The ex-con charged in the brutal 1994 double slaying of a Harlem mom and her daughter yelled out in a Manhattan courtroom to proclaim his innocence Tuesday.
“I’d like to say something, judge,” career criminal Larry Atkinson called out during his arraignment in Manhattan Criminal Court. “I didn’t do it!”
Atkinson, 64, wore jeans and an olive sweatshirt — and used a walker — as he appeared before Criminal Court Judge Jay Weiner facing two counts of second-degree murder in the case.
He was busted by the NYPD Cold Case Squad at 7:30 a.m. Monday in the decades-old deaths of Sarah Roberts, 57, and her 25-year-old daughter.
The two victims were found inside their apartment in the Grant Houses public housing complex on Feb. 20, 1994, with the case remaining a mystery until now.
Detectives used new DNA technology to link a cigarette butt and fingernail clippings from the crime scene to Atkinson, cops said.
In court Tuesday, Atkinson’s lawyer argued for her ailing client to be released pending trial.
“My client is now in his 60s and he suffers from numerous medical conditions,” Legal Aid attorney Michelle Villasenor-Grant told the judge. “My client was diagnosed with prostate cancer 11 months ago, he gets chemo every week.”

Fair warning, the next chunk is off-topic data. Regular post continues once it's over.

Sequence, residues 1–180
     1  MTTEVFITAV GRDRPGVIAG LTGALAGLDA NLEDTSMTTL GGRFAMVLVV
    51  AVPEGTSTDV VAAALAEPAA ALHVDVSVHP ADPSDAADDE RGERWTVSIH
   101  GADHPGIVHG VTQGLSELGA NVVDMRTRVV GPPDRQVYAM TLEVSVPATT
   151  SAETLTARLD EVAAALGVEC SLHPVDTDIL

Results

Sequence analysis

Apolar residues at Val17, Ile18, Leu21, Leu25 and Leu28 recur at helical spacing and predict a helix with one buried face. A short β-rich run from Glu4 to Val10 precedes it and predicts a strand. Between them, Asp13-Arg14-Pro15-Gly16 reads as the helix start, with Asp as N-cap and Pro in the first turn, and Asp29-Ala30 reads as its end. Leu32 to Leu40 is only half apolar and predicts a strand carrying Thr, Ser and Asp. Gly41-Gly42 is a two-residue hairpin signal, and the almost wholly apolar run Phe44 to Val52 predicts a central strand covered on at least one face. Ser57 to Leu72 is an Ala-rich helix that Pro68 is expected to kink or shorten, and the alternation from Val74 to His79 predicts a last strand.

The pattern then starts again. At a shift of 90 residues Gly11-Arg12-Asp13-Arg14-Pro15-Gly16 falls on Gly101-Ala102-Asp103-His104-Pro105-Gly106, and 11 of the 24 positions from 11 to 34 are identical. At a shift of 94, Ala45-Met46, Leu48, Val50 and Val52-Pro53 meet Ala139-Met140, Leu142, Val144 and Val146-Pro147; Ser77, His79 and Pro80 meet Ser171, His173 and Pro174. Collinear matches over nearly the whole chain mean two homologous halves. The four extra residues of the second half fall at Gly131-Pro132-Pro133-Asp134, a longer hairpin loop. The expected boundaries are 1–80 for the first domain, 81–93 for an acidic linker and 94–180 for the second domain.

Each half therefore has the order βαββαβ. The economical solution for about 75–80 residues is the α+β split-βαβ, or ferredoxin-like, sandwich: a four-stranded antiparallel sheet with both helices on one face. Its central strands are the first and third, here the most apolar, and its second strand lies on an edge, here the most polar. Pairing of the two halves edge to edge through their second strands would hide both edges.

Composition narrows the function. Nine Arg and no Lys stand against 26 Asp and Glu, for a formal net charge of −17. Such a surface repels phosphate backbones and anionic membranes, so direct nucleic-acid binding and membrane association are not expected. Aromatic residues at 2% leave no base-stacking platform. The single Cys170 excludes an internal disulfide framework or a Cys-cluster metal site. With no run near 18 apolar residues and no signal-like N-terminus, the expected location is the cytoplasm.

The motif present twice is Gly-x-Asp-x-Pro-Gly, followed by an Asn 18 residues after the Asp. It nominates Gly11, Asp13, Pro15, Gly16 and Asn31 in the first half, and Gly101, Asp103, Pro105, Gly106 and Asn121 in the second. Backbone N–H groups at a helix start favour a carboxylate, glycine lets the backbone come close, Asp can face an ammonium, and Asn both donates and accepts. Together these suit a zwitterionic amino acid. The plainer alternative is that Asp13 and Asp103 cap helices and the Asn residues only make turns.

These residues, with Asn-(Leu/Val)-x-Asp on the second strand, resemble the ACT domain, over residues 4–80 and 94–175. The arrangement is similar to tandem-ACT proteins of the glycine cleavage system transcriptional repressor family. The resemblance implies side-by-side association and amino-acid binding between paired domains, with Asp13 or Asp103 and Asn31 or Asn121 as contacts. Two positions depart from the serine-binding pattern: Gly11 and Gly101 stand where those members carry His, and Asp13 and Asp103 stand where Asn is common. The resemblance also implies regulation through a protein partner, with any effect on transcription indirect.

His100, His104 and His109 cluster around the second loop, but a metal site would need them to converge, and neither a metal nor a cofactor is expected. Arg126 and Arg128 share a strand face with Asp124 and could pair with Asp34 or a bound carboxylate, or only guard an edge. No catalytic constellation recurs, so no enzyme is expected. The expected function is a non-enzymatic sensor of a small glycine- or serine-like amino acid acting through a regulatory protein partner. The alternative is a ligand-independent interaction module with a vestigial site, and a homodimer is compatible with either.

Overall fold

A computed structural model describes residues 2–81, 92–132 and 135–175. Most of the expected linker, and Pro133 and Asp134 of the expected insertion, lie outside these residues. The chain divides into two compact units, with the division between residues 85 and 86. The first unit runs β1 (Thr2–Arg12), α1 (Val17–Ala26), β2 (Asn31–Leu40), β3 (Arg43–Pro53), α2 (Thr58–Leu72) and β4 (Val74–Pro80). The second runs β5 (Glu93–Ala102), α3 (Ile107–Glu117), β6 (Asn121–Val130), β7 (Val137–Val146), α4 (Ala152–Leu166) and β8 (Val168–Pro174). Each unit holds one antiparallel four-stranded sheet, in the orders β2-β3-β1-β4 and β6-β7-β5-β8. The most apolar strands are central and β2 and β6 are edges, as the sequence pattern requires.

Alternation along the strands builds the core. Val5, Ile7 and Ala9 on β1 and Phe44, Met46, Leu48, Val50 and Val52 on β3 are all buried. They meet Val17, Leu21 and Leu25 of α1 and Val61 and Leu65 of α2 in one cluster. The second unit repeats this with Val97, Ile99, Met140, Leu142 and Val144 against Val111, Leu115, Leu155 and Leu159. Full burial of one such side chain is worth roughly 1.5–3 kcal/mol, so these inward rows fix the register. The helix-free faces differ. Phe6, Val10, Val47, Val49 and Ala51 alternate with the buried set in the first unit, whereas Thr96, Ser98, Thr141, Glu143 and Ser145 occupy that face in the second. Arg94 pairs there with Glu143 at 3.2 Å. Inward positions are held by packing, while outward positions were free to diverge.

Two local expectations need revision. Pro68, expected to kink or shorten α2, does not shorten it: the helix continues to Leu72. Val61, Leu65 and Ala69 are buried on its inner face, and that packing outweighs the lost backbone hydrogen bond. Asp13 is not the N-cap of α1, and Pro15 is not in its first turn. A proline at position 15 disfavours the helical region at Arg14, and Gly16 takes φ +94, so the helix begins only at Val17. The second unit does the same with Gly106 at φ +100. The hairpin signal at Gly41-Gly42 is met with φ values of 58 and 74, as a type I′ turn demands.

Villasenor-Grant said Atkinson also has cataracts and is due for surgery next month.
The judge denied the request and ordered him held without bail.
Atkinson was dating a home health care aide who cared for Sharon Roberts, who was developmentally disabled, at the time of the killings, police said.
The aide, Celeste Cornelius, still lives with the accused killer and defended him.
“I know he didn’t do it,” she said Monday outside their Harlem apartment. “I don’t want you to misquote me but I know he didn’t do it. I don’t care about the DNA — none of that mess. He didn’t do it.”
Cops found no evidence of forced entry in the sixth-floor apartment after the home attendant made the grisly discovery and called 911, The Post reported at the time.
Sarah Roberts was found on her bed and her daughter was on the floor with “a woolen stocking wrapped around her neck,” cops said in 1994.
Police said a cassette video recorder and several hundred dollars in cash were stolen, but it remains unclear why Atkinson allegedly killed the pair.
Atkinson has a total of 28 arrests on his rap sheet and served state prison time on five separate occasions, according to the NYPD.
His time behind bars dates to 1985, when he was sentenced to two years in prison on an assault conviction and was paroled in 1987, online state records show.
Atkinson, who also did state time on assault, drug and attempted robbery raps, was last paroled in 2013 after serving another two years on an attempted drug sale conviction.